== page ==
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To mark annual Baby Loss Awareness Week, I once again this year participated in a debate on baby loss, although the debate this year was, sadly, delayed by several weeks. This year the debate focused on the issue of baby loss during Covid19 and highlighted the additional challenges the pandemic has created for people experiencing the unbearable grief of losing a child. I am all too aware of the devastating impact such a loss has, having suffered a stillbirth at full term in 2009, which followed a miscarriage in 2008.

While it remains unclear if Covid19 poses a particular risk to pregnant women, there has been a reported a rise in stillbirths at the height of the pandemic earlier this year. It is not clear yet as to why this is but it is important we give expectant mums reassurance that the NHS is safe and ready to assist them, even as it deals with the pandemic.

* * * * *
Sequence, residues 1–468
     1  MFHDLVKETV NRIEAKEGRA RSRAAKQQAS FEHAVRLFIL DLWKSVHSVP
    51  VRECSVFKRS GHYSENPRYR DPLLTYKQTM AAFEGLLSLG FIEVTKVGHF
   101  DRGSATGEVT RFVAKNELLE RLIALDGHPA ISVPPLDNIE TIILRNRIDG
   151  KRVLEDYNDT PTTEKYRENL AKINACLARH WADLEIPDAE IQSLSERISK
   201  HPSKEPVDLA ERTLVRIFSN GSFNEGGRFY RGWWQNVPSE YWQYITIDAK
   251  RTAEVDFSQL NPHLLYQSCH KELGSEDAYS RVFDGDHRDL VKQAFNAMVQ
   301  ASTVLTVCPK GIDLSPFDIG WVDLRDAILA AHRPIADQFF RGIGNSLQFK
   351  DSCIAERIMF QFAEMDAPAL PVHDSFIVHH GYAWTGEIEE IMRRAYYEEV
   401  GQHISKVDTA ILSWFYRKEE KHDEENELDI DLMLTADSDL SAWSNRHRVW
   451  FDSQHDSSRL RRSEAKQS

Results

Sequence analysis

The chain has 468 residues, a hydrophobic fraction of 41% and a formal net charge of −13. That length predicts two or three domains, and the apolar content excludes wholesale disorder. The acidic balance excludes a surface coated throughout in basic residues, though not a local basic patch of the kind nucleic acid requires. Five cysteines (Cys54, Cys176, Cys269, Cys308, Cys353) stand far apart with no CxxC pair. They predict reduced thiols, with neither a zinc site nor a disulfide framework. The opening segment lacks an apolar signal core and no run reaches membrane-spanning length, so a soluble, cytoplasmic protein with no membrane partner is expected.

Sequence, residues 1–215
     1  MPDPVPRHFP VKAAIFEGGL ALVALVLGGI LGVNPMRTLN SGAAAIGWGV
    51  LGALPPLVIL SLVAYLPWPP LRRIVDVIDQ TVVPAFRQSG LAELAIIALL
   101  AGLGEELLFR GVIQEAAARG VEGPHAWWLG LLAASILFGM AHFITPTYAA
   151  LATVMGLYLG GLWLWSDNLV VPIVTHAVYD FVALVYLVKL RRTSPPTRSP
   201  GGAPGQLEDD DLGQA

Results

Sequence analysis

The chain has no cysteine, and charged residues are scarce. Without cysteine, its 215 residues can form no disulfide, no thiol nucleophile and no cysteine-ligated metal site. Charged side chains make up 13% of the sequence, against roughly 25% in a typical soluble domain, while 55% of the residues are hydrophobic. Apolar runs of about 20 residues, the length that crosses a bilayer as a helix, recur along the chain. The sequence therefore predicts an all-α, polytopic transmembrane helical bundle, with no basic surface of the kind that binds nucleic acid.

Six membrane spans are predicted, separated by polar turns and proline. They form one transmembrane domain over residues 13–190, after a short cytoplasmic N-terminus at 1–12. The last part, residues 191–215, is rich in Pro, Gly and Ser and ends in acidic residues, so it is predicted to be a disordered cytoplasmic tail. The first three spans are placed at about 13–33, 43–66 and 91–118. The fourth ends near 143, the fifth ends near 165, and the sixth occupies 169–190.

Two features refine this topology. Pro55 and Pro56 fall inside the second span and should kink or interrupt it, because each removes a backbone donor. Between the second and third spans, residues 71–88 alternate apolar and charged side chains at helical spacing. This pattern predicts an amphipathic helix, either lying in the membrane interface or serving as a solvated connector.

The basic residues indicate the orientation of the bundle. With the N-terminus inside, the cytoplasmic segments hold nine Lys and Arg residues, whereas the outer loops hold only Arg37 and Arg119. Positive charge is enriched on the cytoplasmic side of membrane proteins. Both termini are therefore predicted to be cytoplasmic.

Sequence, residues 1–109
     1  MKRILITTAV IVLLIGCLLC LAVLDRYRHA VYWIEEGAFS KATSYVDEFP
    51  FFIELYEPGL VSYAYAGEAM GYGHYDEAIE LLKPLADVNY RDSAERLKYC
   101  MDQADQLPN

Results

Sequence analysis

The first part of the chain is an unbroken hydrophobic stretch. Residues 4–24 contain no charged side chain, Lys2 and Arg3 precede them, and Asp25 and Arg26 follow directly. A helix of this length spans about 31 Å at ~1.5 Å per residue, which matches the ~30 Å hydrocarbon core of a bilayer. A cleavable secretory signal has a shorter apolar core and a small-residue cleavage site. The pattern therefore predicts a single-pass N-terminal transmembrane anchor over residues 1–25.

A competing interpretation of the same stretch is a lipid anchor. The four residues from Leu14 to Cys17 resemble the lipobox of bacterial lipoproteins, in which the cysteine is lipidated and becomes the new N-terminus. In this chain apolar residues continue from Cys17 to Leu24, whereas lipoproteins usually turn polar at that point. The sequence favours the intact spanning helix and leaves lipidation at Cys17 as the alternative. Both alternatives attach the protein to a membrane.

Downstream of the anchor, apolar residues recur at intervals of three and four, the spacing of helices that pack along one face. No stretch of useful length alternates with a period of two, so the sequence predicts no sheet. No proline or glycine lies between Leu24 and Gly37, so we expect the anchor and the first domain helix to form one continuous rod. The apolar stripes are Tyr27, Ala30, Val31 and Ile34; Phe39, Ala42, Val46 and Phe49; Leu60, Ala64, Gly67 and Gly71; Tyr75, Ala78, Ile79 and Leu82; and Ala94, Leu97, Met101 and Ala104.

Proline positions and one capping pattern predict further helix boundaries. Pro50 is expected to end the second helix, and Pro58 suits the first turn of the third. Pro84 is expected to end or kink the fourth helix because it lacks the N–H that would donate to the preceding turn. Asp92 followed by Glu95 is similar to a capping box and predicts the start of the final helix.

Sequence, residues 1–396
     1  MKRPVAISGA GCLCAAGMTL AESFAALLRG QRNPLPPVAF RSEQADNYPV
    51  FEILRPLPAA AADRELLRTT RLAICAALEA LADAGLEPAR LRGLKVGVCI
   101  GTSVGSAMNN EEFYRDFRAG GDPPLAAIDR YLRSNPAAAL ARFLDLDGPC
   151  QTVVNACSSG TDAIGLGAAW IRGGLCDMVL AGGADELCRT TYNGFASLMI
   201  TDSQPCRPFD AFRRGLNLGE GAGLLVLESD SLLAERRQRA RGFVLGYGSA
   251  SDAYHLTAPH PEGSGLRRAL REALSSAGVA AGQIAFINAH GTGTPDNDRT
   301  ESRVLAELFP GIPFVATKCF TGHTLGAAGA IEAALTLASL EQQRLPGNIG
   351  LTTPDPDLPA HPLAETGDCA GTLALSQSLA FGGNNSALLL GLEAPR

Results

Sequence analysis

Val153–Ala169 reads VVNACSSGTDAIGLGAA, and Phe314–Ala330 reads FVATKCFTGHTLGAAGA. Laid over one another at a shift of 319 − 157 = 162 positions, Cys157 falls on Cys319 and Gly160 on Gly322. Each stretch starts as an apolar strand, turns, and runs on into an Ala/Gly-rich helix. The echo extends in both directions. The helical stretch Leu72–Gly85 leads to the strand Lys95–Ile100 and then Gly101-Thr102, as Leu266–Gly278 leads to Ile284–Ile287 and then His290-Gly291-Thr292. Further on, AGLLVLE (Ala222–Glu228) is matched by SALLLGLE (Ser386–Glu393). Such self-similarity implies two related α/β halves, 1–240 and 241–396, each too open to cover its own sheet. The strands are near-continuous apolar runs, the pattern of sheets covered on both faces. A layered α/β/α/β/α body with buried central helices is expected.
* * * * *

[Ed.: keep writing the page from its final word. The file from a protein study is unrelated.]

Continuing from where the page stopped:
The loss of a baby at any time brings terrible, isolating grief. Unfortunately, social distancing requirements have only compounded these feelings, isolating grieving parents from their support networks of friends and family, removing any hope of distraction from the grief and loss parents have been experiencing. Funeral restrictions heap further misery on top of an already heart-breaking situation, limiting who can attend and what limiting the kind of service parents may wish for their child.

Baby Loss charities do a wonderful job at supporting bereaved parents during such difficult times, but they too face restrictions that have had a major impact on the services they provide. While we all struggle to deal with the restrictions we are currently facing, it is important we spare a thought for those who have suffered such a tragic loss and consider how they can be better supported at such a difficult time.

You can watch my speech below.

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